Seymour police train with FATS machine



Officers with the Seymour Police Department recently spent a week training by reacting to lifelike situations simulated through a projector screen and realistic light guns.

The FATS machine, short for Firearms Training Simulator, allowed police to train in a multitude of scenarios in which they have a split-second decision to decide whether or not to shoot perpetrators on the screen.

“It’s just a scenario-based training,” Seymour Sgt. Brandon White said. “It allows for judgmental decision-making that is done on a screen and then records those results.”
White helped train officers and operate the machine by choosing what scenarios officers would experience out of premade folders on a laptop.

Once a scenario is chosen, officers “load” their guns and watch the scene unfold from a first-person perspective on the screen. The officer who chose the scenario also had the ability to choose how it could play out in different ways and decide if they’re going to be in a situation where they need to fire their gun.

The officer also advises what commands should be used and when to radio dispatch.

The scenarios take place in a variety of settings, including workplaces, schools, courtrooms, traffic stops, off-duty situations and one where they encounter a drug cartel.

After the scenario has played out and trainees have made their decision whether or not to use their firearm, the scene replays frame by frame and officers are given guidance on their reaction to what played out in front of them. The replay shows where they were aiming and where they shot, if they fired.

The FATS machine, to White, is “role-playing with a video game” and said the intention of the training is to give exposure to all aspects of a scenario.

“They are working on what their observations are, what they are relaying in the fake radio, so to say,” he said. “I’m providing feedback to them of when they say certain things of that I respond basically as dispatch would be. It’s a totality of everything being put together in a scenario.”

Training isn’t limited to acclimating officers to environments that they could find themselves in but incorporates realistic gun training where officers have to reload their firearm throughout a scene and draw it from their holster.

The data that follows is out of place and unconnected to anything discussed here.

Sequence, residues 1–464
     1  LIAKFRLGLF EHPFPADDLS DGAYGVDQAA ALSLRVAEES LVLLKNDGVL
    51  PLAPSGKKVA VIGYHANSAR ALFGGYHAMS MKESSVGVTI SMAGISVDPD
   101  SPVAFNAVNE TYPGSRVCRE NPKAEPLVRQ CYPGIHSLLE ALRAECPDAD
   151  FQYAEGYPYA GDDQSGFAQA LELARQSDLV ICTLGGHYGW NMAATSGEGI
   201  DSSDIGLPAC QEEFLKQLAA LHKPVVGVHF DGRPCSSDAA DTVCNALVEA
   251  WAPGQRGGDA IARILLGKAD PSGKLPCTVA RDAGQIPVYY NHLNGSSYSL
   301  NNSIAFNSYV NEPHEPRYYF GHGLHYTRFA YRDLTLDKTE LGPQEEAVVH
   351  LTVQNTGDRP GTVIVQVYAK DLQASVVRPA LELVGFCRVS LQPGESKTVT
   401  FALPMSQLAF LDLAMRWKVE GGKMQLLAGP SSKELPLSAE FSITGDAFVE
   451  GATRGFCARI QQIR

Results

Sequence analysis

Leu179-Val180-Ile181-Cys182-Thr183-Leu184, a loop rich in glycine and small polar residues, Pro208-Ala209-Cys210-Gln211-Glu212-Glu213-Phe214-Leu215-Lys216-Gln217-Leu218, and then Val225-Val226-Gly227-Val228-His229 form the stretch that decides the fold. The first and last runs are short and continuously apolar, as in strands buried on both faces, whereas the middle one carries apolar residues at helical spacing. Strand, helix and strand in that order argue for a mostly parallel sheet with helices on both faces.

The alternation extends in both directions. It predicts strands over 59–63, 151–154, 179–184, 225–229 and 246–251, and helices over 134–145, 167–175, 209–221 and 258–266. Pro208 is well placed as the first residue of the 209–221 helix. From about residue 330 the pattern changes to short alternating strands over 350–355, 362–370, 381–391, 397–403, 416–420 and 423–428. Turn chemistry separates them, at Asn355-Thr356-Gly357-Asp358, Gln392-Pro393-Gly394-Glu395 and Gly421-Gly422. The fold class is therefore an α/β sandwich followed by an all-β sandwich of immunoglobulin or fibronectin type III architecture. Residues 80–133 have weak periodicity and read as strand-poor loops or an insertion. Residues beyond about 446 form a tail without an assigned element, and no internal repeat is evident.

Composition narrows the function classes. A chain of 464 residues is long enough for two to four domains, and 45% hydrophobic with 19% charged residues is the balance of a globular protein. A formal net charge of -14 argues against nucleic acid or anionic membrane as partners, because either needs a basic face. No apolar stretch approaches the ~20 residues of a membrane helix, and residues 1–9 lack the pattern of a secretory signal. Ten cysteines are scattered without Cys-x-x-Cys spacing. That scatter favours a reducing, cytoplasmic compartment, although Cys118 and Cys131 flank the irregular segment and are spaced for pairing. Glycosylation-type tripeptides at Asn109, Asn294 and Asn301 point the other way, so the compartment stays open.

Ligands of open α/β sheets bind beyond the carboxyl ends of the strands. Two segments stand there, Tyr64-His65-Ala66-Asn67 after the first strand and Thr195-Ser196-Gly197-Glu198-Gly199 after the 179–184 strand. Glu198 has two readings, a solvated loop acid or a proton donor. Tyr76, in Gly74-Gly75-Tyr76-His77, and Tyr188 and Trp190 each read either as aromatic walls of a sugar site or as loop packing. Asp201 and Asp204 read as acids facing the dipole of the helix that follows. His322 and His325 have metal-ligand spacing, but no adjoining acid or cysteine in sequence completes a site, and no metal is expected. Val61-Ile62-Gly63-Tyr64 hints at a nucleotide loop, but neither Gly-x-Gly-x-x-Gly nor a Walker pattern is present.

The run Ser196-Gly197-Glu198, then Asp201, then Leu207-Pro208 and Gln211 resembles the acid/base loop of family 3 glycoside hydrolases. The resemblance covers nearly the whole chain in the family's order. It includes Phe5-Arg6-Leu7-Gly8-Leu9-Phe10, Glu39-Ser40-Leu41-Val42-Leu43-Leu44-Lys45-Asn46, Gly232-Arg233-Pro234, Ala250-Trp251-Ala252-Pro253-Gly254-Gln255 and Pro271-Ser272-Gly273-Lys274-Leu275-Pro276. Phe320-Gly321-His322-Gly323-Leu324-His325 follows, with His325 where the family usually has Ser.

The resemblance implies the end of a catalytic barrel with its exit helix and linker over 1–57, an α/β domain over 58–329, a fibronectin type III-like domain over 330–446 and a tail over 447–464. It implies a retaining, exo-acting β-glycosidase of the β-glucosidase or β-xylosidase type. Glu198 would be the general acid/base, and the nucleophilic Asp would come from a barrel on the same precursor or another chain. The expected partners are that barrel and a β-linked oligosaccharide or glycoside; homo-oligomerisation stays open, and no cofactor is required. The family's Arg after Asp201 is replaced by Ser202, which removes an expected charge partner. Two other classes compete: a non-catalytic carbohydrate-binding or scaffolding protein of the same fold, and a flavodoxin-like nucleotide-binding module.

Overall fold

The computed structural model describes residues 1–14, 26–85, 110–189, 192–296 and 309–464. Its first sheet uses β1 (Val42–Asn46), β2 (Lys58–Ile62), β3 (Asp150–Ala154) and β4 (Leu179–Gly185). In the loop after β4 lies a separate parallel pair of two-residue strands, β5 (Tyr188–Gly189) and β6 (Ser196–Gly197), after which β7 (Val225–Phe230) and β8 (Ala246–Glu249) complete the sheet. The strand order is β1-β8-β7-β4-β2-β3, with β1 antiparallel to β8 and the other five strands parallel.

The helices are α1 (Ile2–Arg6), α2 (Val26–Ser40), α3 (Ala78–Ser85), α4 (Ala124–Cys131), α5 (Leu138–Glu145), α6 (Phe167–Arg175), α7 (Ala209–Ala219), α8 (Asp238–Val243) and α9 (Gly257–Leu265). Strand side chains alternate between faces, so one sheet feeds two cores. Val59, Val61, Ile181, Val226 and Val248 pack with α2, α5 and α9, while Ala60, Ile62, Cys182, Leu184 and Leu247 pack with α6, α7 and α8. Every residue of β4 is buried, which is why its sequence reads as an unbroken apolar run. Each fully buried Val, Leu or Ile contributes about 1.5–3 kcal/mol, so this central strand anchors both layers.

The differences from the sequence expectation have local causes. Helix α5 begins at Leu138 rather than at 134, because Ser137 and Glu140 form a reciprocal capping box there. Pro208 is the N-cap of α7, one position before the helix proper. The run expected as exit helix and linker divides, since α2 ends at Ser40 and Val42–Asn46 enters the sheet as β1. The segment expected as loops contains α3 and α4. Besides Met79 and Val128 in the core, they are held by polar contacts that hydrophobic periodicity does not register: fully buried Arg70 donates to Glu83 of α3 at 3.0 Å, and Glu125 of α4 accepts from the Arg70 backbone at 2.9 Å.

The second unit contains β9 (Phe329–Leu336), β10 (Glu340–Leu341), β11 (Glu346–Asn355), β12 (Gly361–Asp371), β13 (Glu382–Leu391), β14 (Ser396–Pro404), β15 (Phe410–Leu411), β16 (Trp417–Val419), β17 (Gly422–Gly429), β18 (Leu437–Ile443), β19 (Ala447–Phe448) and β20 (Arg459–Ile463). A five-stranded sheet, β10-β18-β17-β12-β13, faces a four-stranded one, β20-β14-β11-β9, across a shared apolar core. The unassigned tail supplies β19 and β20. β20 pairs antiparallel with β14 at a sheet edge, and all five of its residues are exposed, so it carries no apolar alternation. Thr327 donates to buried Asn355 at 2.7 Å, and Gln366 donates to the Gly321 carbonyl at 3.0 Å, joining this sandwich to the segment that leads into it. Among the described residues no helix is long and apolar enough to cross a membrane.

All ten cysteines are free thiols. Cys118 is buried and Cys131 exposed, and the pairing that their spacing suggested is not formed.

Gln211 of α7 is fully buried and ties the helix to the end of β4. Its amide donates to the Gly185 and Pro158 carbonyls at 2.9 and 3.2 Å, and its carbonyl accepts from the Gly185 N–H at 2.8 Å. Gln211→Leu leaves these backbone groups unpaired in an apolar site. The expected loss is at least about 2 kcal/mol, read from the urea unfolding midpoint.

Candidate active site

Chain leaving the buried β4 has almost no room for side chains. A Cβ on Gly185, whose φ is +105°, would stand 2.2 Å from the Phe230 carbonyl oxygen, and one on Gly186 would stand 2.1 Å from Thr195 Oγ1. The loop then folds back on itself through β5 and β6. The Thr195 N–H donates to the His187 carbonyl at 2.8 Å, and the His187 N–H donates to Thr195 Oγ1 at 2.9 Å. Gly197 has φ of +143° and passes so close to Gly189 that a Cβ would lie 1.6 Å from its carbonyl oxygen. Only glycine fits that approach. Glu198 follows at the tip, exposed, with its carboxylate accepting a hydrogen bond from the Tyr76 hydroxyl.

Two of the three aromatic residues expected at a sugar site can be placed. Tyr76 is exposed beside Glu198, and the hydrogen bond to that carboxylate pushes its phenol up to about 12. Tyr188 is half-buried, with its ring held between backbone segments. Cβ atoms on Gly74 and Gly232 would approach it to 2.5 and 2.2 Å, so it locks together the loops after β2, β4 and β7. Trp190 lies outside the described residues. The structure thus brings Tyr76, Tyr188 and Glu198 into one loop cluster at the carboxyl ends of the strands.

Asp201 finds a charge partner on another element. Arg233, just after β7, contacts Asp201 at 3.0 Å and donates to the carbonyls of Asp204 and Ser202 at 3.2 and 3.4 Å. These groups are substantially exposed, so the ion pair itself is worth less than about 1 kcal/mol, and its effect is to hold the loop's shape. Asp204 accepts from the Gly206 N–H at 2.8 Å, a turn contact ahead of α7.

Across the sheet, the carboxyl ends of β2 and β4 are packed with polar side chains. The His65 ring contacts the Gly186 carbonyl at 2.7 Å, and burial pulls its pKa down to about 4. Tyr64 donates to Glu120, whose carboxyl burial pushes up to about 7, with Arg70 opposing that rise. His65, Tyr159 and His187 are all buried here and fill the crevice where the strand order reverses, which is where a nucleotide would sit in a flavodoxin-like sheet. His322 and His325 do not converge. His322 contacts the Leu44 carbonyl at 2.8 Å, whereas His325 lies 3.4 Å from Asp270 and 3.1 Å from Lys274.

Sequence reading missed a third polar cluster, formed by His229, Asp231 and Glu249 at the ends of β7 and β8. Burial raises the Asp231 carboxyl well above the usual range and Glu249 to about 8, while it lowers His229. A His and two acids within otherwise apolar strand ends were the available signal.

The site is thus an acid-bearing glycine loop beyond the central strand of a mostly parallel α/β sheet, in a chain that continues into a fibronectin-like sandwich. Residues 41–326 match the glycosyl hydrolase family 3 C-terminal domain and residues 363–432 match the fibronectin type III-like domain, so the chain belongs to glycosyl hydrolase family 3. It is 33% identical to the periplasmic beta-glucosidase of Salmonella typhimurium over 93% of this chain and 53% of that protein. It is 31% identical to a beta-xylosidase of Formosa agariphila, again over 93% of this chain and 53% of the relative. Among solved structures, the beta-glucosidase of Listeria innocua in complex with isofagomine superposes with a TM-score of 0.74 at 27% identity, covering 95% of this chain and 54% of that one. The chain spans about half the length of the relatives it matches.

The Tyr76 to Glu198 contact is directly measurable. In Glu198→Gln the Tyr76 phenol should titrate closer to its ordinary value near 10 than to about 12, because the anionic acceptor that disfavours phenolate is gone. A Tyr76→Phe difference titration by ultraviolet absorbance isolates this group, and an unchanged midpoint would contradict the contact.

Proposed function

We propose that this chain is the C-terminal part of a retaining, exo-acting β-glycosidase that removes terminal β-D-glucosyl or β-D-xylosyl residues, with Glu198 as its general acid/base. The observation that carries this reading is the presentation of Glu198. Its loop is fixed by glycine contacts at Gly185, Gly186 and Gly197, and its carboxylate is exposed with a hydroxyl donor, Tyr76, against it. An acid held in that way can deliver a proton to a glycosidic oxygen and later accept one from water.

On average, officers go through six scenarios during a session that typically takes one hour.

When choosing scenarios, White says he tries to pick a variety that will have officers experience different types of situations. This might include scenarios where officers shoot, don’t shoot, deescalate or use less lethal methods, like tasing, on the perpetrator.

One scenario involved an officer making a traffic stop on a truck in front of the police car while the trainee watches the scene from the passenger seat.

The officer talks with the driver outside the truck and tells him he has an outstanding warrant and will be taken to jail. As the conversation goes on, a young girl leaves the vehicle with a shotgun, pointing it alternatively at both officers and saying, “We did nothing wrong.”

While the scenario can end in different ways, one ends with the officer shot by the girl.

White said that scenario is an example of how difficult a decision can be for officers to choose when to use their firearm. He said the difference between the scenario and a situation in real life is that officers get to know who they work with and possibly their families.

“It’s a split-second decision that means life or death between you or someone else,” he said.

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